The second leg is creating the culture that makes it acceptable to treat people as less because of their bodies. This is the part that allows employers to see fat potential hires as sloppy and lazy — and not hire them, for example. These oppressions work across marginalization, hurting POC, those with disabilities, and those who live in poverty at disproportionate amounts as they are less likely to be able to access the tools that society says will alleviate these issues, such as gym memberships, nutritionally dense food, living environments where more physical movement is possible, healthcare, etc.
This is the weight that sits behind the word diet. These are the unsaid things that are being communicated when we casually say diet, even when we only mean, “what are you eating on a regular basis?”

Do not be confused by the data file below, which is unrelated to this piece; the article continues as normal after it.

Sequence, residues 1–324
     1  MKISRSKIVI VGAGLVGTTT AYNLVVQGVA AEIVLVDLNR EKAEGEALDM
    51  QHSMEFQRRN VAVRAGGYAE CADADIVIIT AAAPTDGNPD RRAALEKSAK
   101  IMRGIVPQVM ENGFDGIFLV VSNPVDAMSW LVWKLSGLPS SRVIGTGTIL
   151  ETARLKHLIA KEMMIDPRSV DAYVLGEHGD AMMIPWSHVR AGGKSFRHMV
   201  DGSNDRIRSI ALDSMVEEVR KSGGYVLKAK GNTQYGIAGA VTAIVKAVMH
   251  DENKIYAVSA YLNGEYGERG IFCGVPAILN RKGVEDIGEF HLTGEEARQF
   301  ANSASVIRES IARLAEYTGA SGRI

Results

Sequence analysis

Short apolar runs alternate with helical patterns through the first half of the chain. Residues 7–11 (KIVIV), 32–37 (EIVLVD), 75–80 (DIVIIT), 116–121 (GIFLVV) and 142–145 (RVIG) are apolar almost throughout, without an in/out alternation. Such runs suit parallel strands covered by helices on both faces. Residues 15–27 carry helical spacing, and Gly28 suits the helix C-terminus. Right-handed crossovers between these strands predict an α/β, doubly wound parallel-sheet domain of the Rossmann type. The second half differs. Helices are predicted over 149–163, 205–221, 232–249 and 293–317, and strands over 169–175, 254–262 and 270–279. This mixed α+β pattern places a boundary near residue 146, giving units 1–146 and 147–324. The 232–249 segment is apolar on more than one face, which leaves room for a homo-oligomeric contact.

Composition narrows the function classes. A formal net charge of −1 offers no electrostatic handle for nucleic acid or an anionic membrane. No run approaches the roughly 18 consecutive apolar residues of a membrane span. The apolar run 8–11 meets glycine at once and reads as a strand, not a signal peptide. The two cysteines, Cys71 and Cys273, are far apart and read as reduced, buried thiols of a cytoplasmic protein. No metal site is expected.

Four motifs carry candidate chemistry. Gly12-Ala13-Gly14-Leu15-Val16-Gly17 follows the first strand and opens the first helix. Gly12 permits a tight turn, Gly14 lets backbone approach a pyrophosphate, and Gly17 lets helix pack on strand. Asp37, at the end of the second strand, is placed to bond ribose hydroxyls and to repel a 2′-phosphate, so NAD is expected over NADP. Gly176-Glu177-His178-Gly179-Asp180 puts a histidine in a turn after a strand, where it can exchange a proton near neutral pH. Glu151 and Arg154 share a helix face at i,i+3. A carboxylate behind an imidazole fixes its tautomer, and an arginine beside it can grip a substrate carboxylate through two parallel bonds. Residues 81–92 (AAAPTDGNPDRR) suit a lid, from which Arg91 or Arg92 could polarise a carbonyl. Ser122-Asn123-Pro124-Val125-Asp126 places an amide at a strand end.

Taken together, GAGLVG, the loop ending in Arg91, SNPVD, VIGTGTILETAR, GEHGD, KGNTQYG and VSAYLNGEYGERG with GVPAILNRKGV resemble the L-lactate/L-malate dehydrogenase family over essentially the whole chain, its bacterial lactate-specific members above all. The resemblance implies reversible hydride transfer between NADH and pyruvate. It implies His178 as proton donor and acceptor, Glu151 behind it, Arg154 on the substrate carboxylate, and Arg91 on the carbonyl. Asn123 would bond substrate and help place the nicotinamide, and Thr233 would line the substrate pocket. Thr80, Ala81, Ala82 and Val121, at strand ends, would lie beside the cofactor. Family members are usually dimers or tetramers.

This is especially rough for people who are dealing with health issues where food is a component of treatment. Someone who is dealing with diabetes will be consoled on diet which is really about food choices that will keep their glucose stable. Still, the mention of diet likely brings up the stereotype of their health issue being their fault for their weight or poor food choices (it is not).
Or if the patient is recovering from an ED. Imagine how triggering it must be to hear “high fat diet” when trying to move away from those destructive thoughts even when the person likely just means that more food with a higher fat content needs to be consumed.